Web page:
…or so they say. (Shakespeare, from Romeo and Juliet, in case you were wondering).
All I know is they ruddy well smart. No matter how sudden/swift or agonisingly slow, how pleasant or unpleasant, they hurt. Ouch. Like the good ole Three of Swords in the Tarot deck, my old familiar arch nemesis meaning; a ‘sharp pain to the heart’.
Some partings hurt more than others of course. Sometimes friendships or relationships can fall by the wayside through sheer neglect, no malice or intent on either part, just time and distance does it’s work. Sometimes they go out in a blaze of glory with door slamming and bad feeling, leaving a sour or bitter taste in the mouth. Sometimes we can watch as the parting comes about, foreseeing it and knowing it comes, yet still simply watch in perpetual confusion or sadness as it happens anyway.
Sometimes the partings are with people we hold so dear, so integral to our lives that they rock our foundations for awhile, leaving us bewildered and unsettled. Sometimes the apparent reasons are so small, or feel so insignificant they leave us shocked and reeling, unable to rationalise.
Neighbours. Friends. Family. Loved ones. Each affect us in different ways.
I have for many years believed that people are in our lives for either Reasons, Seasons or Lifetimes. Even knowing this however does not preclude the hurt that follows such partings, despite sometimes recognising from the outset that a person is only ‘visiting’ our life for a time.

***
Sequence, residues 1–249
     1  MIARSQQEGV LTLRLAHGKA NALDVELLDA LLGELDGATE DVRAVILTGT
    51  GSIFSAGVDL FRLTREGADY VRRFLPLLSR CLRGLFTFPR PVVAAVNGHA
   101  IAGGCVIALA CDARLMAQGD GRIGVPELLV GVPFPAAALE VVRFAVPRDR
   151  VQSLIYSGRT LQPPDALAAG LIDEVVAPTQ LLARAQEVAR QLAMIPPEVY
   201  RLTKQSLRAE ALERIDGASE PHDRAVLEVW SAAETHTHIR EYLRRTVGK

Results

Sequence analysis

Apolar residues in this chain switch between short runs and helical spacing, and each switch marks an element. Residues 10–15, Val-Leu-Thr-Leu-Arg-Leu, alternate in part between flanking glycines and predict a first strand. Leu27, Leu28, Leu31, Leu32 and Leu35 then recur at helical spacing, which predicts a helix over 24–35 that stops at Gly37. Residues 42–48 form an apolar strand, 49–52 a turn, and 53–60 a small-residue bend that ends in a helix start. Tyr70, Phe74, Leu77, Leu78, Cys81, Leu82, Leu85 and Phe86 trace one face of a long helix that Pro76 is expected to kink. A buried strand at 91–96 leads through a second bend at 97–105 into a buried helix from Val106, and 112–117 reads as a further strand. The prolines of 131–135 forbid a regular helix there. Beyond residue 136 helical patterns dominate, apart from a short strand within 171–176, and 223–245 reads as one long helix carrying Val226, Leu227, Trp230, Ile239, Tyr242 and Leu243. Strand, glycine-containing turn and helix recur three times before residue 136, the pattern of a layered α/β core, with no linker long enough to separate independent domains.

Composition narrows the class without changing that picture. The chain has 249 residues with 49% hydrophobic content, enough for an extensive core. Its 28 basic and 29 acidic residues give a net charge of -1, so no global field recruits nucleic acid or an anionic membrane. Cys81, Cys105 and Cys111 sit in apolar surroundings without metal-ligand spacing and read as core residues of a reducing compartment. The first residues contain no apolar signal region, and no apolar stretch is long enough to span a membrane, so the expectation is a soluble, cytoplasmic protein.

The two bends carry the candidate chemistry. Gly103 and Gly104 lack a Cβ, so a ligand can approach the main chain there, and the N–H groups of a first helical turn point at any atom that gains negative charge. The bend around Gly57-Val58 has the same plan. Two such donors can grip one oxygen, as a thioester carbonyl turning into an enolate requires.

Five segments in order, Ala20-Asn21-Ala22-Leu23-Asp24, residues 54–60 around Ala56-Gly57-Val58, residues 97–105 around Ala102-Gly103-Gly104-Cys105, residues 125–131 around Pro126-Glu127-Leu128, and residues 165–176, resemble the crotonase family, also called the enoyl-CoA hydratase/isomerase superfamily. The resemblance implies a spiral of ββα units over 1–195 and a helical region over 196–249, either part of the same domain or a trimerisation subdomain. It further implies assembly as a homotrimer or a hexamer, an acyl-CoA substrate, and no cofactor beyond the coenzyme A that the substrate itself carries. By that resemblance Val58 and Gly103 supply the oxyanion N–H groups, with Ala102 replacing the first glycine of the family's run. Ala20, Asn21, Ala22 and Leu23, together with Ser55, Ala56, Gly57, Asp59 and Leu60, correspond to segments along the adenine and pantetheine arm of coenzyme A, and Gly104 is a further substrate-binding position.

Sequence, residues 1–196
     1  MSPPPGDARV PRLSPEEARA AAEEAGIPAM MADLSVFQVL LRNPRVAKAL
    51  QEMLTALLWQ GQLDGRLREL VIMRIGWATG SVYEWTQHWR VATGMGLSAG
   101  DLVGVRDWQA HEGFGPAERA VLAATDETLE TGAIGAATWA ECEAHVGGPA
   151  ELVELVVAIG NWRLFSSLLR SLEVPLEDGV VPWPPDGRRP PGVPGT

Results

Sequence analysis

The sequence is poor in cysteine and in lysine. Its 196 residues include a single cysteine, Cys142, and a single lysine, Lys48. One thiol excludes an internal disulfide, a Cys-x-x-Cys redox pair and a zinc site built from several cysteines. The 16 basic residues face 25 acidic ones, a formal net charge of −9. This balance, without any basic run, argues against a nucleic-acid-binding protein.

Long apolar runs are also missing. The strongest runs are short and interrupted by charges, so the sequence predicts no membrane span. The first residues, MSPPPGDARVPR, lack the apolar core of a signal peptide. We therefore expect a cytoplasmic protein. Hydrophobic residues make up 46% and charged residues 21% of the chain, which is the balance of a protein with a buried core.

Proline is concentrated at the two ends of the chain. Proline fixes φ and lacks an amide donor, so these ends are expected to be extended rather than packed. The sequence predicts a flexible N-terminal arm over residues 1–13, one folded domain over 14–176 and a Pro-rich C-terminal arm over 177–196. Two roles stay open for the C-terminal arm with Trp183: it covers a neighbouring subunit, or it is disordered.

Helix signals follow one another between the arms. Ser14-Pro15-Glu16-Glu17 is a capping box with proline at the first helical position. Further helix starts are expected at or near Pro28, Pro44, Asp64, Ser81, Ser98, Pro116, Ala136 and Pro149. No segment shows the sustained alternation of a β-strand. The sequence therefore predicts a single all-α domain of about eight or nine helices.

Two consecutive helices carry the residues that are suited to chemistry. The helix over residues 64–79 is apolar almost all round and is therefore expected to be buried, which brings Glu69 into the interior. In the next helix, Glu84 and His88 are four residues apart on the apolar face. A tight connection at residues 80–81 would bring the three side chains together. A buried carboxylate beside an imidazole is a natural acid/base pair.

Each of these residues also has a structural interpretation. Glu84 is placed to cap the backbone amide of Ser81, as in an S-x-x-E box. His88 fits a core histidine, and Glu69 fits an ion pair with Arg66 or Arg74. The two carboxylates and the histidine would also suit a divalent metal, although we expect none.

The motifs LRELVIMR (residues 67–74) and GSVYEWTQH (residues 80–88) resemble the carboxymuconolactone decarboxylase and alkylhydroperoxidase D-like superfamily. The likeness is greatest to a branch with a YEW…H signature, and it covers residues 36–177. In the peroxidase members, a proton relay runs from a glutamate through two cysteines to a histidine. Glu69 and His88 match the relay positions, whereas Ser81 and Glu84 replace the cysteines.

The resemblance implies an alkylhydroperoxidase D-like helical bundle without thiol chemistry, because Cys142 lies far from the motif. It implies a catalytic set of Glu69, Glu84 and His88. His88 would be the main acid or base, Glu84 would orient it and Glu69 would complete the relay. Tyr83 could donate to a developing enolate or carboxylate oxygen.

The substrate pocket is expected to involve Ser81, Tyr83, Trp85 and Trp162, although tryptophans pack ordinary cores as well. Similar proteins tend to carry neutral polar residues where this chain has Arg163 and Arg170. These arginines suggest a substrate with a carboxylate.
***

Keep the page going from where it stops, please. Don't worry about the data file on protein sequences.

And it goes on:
How the parting comes about also determines just how keenly it affects us. A grieving bereavement for example as opposed to discovery of infidelity or deceit; such very different feelings are involved and yet in the end it’s all the same, resultant sadness.
All such partings are in actual fact grieving, and we go through the same familiar processes. Denial. Anger. Bargaining. Depression. Acceptance.
Another factor to consider is this; the greater the love or the ‘connection felt’, the stronger the parting is felt. I have felt such great love that I’ve grieved for quite literally years before the pain subsides. Yet with others it’s been barely but a swift, sweeping general sadness that comes and goes, passing like the tides or the moon’s phases.
They say “it is better to have loved and lost than never to have loved before” (Alfred Lord Tennyson). I agree, and would hate to live a loveless life just to avoid the hurts.
However I do have to remind myself of this when partings are raw, fresh and bloody. It’s always just so. very. sad.